Health Care: CMS Changes Impact Hospital Governing Body and Medical Staff (5/14)


Governing Body Consultation with Medical Staff Leaders

The Center for Medicare/Medicaid Services (CMS) has pulled back on its recent mandate that a medical staff member serve on a hospital governing board. In lieu of this, CMS now requires that a hospital’s governing body directly consult with the individual who is responsible for the organization and conduct of the hospital’s medical staff or his/her designee (e.g., the medical staff president) periodically throughout the year. This consultation is required to be meaningful and include a discussion regarding the quality of patient care provided by the hospital. If the governing body has authority over more than one hospital, the consultation may be with more than one medical staff leader and must ensure that the unique needs of each hospital and its patients are recognized.

CMS Permits Integrated Medical Staff for Hospital System

In a "reinterpretation" of an existing rule governing hospital medical staffs, CMS now permits separately certified hospitals, as members of a multi-hospital system, to share a unified and integrated medical staff. While the new interpretation of the rule permits medical staffs to be combined, it also requires that medical staffs be capable of opting out of such combinations. Given this instruction, multi-hospital systems need to present this option to the medical staff members for consideration.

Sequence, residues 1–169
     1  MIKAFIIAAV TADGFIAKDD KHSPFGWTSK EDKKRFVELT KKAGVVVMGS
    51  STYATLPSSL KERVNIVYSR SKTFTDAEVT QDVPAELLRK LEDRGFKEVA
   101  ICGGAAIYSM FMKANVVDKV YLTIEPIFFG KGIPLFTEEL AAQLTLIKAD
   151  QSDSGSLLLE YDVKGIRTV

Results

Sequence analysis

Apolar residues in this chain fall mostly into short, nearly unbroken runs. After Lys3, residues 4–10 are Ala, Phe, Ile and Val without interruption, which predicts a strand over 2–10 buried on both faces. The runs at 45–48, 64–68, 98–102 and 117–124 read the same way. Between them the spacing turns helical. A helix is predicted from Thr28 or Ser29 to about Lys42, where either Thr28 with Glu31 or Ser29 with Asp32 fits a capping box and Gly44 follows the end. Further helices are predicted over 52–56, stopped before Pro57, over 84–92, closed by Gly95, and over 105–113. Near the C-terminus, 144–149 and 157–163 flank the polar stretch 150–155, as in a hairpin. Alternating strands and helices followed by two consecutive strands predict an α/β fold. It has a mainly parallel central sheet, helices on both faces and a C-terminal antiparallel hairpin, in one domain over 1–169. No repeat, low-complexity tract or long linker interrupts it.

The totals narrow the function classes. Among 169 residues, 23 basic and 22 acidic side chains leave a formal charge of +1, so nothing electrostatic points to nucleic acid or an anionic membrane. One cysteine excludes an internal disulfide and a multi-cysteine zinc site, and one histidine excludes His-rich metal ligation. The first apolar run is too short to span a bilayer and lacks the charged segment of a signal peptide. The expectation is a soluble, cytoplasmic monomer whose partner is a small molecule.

There are four requirements to demonstrate that the requirements of this rule are met:

  • The distinct hospital(s) must be part of a hospital system.
  • A majority of the voting members of the medical staff at each hospital in the system must vote to either accept a unified and integrated medical staff structure or to opt out of such structure and maintain hospital-specific separate and distinct medical staffs.
  • If a unified and integrated medical staff is established, it must have bylaws, rules and other requirements describing self-governance, appointment, credentialing and privileging, oversight, peer review policies and due process rights which are guaranteed to the medical staff. There must also be a demonstrated process whereby the voting members of each separately certified hospital are advised of their right to opt out and to return to a separate and distinct medical staff by a majority vote of the members.
  • A unified medical staff must take into account each member hospital’s unique circumstances and significant differences in patient populations and services offered at each hospital. The needs and concerns of the medical staff must be given due consideration regardless of which hospital they practice in and a mechanism to ensure that localized issues of each hospital are duly considered and addressed.



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DISCLAIMER: Because of the generality of this update, the information provided herein may not be applicable in all situations and should not be acted upon without specific legal advice based on particular situations.

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